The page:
Fentanyl has been in the news:
In 2014, it began being reported on the U.S. East Coast that heroin was being laced with fentanyl, creating a combination that is “untenably addictive.”
The Sacramento Bee reported in April that 51 overdoses, including 11 deaths, had been reported thus far in the Sacramento area in 2016; toxicologists tied eight of the deaths directly to fentanyl (watch the short video in the article that describes “death as collateral damage” to the drug dealers interested in market dominance).
Later in April, the L.A. Times reported the issue had migrated to the San Francisco area, where fentanyl pills made to look like Norco were a primary culprit.
The chief health officer in British Columbia proclaimed a Canadian public health emergency because of more than 200 overdose deaths during the first three months of 2016; a large portion of them involved “greenish pills purporting to be OxyContin 80 mg tablets.”
In June, it was confirmed that Prince died from an accidental overdose of fentanyl, unbelievable because he was an outspoken advocate of clean living (from having a “swear jar” to not consuming alcohol)
One of the common threads throughout these stories is China’s involvement. The Wall Street Journal published a front-page article on June 23 titled “China’s Role in U.S. Opioid Crisis.” The opening paragraph sets the stage:
Last spring, Chinese customs agents seized 70 kilograms of the narcotics fentanyl and acetyl fentanyl hidden in a cargo container for Mexico. The synthetic opium-like drugs were so potent that six of the agents became ill after handling them. One fell into a coma.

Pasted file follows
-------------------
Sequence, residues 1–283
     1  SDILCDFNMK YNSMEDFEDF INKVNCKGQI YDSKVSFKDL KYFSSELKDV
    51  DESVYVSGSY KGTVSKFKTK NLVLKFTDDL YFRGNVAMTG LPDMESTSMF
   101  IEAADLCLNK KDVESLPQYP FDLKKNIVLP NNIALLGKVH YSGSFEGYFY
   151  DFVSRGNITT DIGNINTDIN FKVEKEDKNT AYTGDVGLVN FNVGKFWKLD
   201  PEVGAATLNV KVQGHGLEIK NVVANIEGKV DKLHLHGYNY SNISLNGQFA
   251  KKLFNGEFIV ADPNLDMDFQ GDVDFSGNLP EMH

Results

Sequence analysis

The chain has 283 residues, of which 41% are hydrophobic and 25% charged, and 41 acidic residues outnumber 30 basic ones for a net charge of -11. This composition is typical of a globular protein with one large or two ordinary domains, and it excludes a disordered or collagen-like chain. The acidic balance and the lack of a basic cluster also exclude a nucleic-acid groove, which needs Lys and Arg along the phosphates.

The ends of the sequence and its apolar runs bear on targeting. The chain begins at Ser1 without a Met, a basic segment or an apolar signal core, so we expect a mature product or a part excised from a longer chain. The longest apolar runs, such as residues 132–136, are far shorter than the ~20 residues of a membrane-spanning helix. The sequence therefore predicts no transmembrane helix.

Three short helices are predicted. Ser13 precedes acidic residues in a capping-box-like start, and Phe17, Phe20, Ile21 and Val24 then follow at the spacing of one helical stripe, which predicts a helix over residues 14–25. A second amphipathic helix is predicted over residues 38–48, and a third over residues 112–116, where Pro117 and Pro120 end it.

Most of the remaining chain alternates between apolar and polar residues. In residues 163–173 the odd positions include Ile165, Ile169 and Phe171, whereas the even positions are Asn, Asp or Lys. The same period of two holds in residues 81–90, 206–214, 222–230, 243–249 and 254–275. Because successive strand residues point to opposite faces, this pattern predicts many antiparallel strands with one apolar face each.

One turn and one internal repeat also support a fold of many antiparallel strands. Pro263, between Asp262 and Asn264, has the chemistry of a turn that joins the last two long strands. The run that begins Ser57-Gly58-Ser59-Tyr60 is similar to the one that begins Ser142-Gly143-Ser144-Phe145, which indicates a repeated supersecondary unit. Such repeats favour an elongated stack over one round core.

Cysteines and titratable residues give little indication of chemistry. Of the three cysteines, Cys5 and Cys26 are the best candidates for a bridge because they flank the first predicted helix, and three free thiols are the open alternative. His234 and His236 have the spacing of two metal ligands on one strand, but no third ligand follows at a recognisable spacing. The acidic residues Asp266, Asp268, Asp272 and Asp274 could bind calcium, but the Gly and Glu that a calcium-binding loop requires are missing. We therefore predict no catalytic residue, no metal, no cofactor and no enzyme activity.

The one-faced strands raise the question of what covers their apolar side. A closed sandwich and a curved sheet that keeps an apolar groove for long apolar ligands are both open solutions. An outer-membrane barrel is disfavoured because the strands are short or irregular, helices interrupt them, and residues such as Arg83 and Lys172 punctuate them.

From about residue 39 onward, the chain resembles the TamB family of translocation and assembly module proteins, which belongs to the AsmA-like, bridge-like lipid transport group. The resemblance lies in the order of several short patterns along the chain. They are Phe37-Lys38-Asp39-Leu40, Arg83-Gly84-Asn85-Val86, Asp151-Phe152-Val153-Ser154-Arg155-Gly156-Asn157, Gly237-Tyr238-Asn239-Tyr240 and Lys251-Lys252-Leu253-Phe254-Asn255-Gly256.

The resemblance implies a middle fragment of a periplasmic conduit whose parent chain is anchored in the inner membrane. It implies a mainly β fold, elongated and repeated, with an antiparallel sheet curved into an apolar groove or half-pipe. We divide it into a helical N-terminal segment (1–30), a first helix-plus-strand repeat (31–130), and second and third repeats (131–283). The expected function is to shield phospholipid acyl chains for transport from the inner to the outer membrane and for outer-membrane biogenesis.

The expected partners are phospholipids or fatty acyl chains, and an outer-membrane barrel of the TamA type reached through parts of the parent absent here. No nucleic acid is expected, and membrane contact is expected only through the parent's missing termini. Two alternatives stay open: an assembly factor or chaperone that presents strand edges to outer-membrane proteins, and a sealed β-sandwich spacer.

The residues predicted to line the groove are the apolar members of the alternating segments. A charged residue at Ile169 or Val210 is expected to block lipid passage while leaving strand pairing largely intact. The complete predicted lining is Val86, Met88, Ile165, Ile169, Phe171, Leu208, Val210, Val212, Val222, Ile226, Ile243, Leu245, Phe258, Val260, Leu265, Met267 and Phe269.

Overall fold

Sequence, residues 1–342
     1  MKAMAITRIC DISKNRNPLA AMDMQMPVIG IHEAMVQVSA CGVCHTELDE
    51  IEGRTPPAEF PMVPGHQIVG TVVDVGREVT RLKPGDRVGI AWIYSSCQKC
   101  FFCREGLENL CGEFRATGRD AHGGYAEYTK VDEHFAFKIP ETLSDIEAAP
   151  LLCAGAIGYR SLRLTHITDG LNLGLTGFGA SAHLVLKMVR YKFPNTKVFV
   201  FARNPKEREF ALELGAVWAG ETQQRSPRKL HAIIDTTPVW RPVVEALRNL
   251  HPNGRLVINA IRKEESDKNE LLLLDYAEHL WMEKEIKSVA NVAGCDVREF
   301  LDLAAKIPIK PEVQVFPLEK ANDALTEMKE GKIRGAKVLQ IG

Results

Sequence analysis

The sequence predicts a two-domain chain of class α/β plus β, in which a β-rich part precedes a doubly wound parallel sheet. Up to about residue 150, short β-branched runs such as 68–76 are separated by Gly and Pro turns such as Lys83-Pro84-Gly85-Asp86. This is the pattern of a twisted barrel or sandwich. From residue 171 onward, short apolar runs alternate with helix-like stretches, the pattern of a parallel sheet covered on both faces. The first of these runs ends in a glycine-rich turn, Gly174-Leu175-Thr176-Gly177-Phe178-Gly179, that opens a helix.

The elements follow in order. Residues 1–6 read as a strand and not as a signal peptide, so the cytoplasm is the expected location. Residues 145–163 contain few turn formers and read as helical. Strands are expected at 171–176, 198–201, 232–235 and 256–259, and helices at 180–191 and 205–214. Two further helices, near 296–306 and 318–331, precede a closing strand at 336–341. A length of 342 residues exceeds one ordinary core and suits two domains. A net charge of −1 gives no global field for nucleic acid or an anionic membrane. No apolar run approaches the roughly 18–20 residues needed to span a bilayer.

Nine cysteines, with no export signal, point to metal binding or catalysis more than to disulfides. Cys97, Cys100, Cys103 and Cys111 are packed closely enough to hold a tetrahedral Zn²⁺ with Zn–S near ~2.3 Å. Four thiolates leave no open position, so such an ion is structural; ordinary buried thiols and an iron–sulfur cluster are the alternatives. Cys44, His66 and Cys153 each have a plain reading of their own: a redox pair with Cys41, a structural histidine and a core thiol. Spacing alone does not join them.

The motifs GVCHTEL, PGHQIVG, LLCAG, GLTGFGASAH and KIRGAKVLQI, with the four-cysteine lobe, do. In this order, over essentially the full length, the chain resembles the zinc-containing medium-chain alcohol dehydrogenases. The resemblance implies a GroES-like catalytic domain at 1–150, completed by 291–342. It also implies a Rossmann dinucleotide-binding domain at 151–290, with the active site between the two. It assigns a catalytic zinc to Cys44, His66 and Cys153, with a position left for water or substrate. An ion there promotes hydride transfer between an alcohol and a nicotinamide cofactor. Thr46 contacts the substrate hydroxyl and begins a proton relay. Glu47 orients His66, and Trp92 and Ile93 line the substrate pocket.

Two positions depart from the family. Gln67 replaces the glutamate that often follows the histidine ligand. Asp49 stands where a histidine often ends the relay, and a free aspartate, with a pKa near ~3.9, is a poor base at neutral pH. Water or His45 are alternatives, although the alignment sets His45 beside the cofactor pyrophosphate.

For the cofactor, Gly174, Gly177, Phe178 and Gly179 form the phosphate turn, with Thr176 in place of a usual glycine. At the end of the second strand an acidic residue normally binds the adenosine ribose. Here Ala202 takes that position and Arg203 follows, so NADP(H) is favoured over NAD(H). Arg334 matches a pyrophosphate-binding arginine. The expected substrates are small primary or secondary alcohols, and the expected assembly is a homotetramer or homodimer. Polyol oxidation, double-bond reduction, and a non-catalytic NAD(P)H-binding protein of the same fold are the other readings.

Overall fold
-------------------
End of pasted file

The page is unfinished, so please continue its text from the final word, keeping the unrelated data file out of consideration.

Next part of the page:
The article goes on to describe how fentanyl often is disguised as hydrocodone and Xanax on the black market — dangerous drugs by themselves but not nearly as potent or fatal as fentanyl. Because China does not regulate fentanyl or analogs used to create fentanyl, there is a significant financial incentive for the drug dealers — $810 of materials can create 25 grams of fentanyl and yield as much as $800,000 in pills sold on the black market.
See also: Opioids Are the Opiates of the Masses
According to the Canadian Globe’s expose on the issue (an excellent look at the black market), accessing fentanyl can be as easy as “Sign up for an account, choose a method of payment, and receive the package in three to four business days.” Reinforcing the financial model: “A kilogram ordered over the internet – an amount equal in weight to a medium-sized cantaloupe – sells on the street in Calgary for $20 million, making it a drug dealer’s dream.”
So, fentanyl is a problem. It’s 25 to 50 times more potent than morphine. It’s highly addictive. It’s available fairly easily on the black market. And it is prescribed by doctors. Way too often.
Approved by the FDA and on script pads supplied by the DEA, its federal legitimacy adds to the lack of stigma associated with use. Which is one reason why I think Prince could rationalize his use. A doctor likely prescribed it for his chronic pain — and other patients fall into that same trap (with fentanyl and other dangerous prescription drugs).
According to the FDA’s own warnings (as reported on drugs.com):
Because of the risks of addiction, abuse and misuse with opioids, even at recommended doses, and because of the greater risks of overdose and death with extended-release opioid formulations, reserve Fentanyl Transdermal system for use in patients for whom alternative treatment options (e.g., non-opioid analgesics or immediate-release opioids) are ineffective, not tolerated or would be otherwise inadequate to provide sufficient management of pain.
See also: How to Help Reverse the Opioid Epidemic
In my opinion, fentanyl should be used to help people die with dignity during end-of-life care. Period. It’s that dangerous. And yet we see it being prescribed, used and paid for.
Month. After. Month.
If you are prescribing fentanyl: Why?
If you are being prescribed fentanyl: Why?
If you are paying for someone’s fentanyl: Why?
Too many people are overdosing and dying not to ask a simple question: Why?